Suffrage 100: Fellows Celebrate Inspirational Women in Public Life

14 December 2018

2018 marks 100 years since some women, and all men, in Britain were given the vote in parliamentary elections and 90 years since women got to vote on equal terms to men.

14th December marks the centenary of the first General Election in which some women were able to vote. This milestone was celebrated at Kellogg by raising the Suffrage flag on site during an event hosted by our Senior Tutor, Dr Elizabeth Gemmill.

Some of our female Fellows, current students and alumni, have also taken part in a project celebrating female suffrage, the democratic right to vote and inspirational Women in Public Life. The project consists of a series of films and podcasts discussing women who have played a pivotal role in public life and, in some cases, focusing on specific individuals who have influenced both UK and international decision making, throughout history and who have also had a lasting effect on their own life.

Women in Public Life: Watch the films

Why 100 years of women’s suffrage is worth celebrating: A physicist’s point of view

Dr Judith Hillier, Associate Professor in Science Education (Physics) and Vice-President and Fellow of Kellogg College

Dr Hillier discusses why the democratic right to vote matters; why it took so long for women to be acknowledged as worthy to vote; and the ramifications that decision had on other areas of society, including education.

How influential were medieval women?

Dr Elizabeth Gemmill, Associate Professor in History, Senior Tutor and Fellow of Kellogg College

It is assumed that medieval women played no part in political and social decision making but is this really the case? Dr Gemmill explains that, despite the barriers placed in front of them, medieval women were a lot more influential than you would think.

Design not words: Five Suffragette Objects

Dr Claire O’Mahony, Associate Professor and Course Director for the MSt in the History of Design and Fellow of Kellogg College; Dee Danchev, MSt History of Design (2017-19); Vega Bantock, MSt History of Design (2013-15); Katie Tregidden, MSt History of Design (2017-19); and Susan Petty, MSt History of Design (2011-13)

Dr O’Mahony and four of her students, past and present, discuss the use of design and symbolism by the WSPU (Women’s Social and Political Union) and their fellow suffragettes, during their campaign for women’s suffrage.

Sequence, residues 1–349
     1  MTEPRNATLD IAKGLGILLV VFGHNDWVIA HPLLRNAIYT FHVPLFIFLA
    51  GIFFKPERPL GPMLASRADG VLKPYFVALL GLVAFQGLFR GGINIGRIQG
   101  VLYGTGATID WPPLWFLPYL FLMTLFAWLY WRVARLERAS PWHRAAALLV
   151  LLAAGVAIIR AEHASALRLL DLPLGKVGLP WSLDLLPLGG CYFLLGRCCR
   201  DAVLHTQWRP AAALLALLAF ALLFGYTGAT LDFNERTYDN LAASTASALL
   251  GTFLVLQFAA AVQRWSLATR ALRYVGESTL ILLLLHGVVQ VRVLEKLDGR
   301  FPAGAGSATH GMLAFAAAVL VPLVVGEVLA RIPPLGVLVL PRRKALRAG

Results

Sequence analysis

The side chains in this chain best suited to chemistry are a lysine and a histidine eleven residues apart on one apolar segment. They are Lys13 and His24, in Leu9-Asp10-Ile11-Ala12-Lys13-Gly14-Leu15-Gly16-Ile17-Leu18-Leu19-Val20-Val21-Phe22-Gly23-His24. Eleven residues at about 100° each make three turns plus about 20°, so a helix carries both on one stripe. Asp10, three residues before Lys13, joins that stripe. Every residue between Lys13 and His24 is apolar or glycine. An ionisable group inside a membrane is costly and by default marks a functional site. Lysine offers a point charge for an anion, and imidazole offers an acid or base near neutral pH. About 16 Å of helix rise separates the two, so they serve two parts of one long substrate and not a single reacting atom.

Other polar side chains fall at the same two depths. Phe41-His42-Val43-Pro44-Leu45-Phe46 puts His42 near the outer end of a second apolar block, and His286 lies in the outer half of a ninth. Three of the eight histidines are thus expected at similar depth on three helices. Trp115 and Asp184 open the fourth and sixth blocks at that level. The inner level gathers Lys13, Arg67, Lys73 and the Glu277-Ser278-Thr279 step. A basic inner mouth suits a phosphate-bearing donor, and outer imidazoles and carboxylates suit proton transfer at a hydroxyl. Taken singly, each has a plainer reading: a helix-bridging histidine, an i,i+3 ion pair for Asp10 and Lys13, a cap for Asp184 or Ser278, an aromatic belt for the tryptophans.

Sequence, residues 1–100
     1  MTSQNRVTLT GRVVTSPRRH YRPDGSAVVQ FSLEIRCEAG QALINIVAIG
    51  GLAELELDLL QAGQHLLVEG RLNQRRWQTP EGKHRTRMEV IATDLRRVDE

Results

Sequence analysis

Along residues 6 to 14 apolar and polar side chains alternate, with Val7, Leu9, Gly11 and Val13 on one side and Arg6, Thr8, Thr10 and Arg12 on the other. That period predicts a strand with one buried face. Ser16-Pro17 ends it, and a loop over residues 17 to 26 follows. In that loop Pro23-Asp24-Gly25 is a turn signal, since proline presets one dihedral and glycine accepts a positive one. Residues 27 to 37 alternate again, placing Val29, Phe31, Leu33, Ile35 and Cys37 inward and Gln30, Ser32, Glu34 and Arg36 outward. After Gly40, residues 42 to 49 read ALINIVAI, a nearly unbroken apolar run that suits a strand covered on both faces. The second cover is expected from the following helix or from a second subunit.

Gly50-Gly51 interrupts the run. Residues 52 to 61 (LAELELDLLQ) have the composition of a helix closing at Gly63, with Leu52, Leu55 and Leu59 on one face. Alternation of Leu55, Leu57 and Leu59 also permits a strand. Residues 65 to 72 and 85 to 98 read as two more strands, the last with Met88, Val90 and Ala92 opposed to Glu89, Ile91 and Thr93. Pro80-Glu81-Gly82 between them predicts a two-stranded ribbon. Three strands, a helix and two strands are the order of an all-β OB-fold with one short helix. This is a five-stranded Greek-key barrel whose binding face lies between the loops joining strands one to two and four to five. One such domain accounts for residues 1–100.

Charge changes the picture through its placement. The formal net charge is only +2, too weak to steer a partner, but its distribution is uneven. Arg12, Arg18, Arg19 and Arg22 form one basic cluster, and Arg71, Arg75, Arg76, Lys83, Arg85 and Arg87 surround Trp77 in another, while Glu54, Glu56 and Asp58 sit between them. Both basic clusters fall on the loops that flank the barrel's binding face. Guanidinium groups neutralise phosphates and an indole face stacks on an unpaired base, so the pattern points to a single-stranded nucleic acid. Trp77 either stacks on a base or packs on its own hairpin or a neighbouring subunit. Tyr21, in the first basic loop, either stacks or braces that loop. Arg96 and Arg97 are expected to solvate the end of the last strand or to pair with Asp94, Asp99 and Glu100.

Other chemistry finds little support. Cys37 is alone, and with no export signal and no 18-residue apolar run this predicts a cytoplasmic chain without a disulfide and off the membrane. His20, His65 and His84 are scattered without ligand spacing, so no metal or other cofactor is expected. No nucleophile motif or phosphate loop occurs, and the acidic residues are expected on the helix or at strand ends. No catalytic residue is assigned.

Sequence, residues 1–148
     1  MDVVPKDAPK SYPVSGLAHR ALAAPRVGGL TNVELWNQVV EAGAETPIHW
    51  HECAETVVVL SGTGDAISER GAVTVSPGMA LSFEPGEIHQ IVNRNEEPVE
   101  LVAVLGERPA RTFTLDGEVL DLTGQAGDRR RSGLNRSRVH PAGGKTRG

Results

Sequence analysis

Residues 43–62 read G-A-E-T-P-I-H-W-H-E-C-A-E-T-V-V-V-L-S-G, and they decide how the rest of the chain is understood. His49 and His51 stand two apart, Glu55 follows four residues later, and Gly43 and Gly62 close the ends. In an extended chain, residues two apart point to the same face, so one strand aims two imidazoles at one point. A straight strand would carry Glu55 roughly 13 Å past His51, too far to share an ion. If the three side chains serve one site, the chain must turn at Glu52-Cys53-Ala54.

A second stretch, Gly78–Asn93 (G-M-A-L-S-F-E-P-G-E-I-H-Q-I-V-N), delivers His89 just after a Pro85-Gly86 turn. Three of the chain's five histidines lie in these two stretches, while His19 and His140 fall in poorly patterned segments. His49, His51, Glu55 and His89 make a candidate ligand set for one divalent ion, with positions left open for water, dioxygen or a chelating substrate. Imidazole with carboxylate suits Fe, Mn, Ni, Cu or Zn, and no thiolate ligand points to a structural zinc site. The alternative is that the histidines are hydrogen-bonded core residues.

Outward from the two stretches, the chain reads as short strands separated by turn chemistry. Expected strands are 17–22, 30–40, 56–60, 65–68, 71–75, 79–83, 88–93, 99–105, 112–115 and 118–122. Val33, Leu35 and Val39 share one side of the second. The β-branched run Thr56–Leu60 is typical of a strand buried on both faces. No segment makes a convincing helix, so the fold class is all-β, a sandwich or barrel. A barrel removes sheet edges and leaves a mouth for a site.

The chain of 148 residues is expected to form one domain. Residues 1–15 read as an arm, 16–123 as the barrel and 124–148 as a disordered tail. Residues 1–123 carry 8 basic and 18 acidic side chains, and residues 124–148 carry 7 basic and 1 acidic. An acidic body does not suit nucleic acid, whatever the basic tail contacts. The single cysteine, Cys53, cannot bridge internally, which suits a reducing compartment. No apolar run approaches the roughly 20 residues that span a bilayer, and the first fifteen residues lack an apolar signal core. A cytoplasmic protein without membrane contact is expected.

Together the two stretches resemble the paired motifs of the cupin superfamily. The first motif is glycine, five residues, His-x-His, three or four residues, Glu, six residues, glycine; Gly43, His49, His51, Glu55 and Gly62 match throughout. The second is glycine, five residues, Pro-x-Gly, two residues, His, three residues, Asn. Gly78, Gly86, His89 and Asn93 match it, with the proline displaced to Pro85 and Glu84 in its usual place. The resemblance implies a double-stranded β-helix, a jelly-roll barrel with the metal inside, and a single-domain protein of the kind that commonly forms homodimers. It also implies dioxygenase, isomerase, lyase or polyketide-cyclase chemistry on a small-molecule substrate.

Annie Besant: British women’s rights activist and supporter of Indian and Irish home rule

Dr Yasmin Khan, University Lecturer in History and Fellow of Kellogg College

Dr Khan introduces us to one of the 19th and 20th centuries’ forgotten influential women; Annie Besant was a leading light in the campaign to promote sex education, better working conditions and, following emigrating to India, the struggle for India’s independence.

Maud Gonne MacBride: feminist, agitator, muse

Dr Tara Stubbs, University Lecturer in English Literature and Creative Writing and Fellow of Kellogg College

More than just an actress and reluctant muse to W B Yeats, Maud Gonne MacBride was, in fact, a staunch supporter of Irish independence and feminist. In this podcast, Dr Stubbs discusses Maud’s varied and eventful life.

 

 

 

 

 

 

 

Jane Jacobs: journalist, author and activist

Dr Idalina Baptista, University Lecturer in Urban Anthropology and Fellow of Kellogg College; Dr Jennie Middleton, Kellogg Senior Research Fellow in the School of Geography and the Environment; Dr Nihan Akyelken, Associate Professor in Sustainable Urban Development and Fellow of Kellogg College

Jane Jacobs was born in Scranton, USA and was a prominent voice in the area of urban studies. Doctors Baptista, Middleton and Akyelken discuss the struggles Jacobs faced, and overcame, in this male dominated field and how she influenced urban planning across the world.

Dame Joan Evans: historian, biographer, generous benefactor and first female President of the Society of Antiquaries

Dr Cathy Oakes, University Lecturer in History of Art and Fellow of Kellogg College

Daughter of business man and antiquarian John Evans and sister to famed archaeologist Sir Arthur Evans, Joan Evans was brought up in an environment of high academic expectations.  Dr Oakes reveals a woman who was born into privilege but who dedicated her life to her academic pursuits; she was a natural inter-disciplinarian and rose, against the odds, to become the first female President of the Society of Antiquaries.

To read more about the women’s suffrage movement in Oxford, visit the Women in the Humanities web page.